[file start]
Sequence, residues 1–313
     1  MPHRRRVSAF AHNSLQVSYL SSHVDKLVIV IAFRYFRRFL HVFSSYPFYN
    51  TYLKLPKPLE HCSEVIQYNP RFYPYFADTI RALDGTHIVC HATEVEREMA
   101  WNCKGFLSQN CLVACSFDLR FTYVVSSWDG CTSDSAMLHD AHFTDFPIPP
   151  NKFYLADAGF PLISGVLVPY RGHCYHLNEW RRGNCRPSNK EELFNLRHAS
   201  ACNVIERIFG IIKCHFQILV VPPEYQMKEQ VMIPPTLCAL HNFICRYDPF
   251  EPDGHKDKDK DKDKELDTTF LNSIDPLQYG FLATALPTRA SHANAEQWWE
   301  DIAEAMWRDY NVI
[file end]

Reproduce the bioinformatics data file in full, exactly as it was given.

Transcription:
Sequence, residues 1–313
     1  MPHRRRVSAF AHNSLQVSYL SSHVDKLVIV IAFRYFRRFL HVFSSYPFYN
    51  TYLKLPKPLE HCSEVIQYNP RFYPYFADTI RALDGTHIVC HATEVEREMA
   101  WNCKGFLSQN CLVACSFDLR FTYVVSSWDG CTSDSAMLHD AHFTDFPIPP
   151  NKFYLADAGF PLISGVLVPY RGHCYHLNEW RRGNCRPSNK EELFNLRHAS
   201  ACNVIERIFG IIKCHFQILV VPPEYQMKEQ VMIPPTLCAL HNFICRYDPF
   251  EPDGHKDKDK DKDKELDTTF LNSIDPLQYG FLATALPTRA SHANAEQWWE
   301  DIAEAMWRDY NVI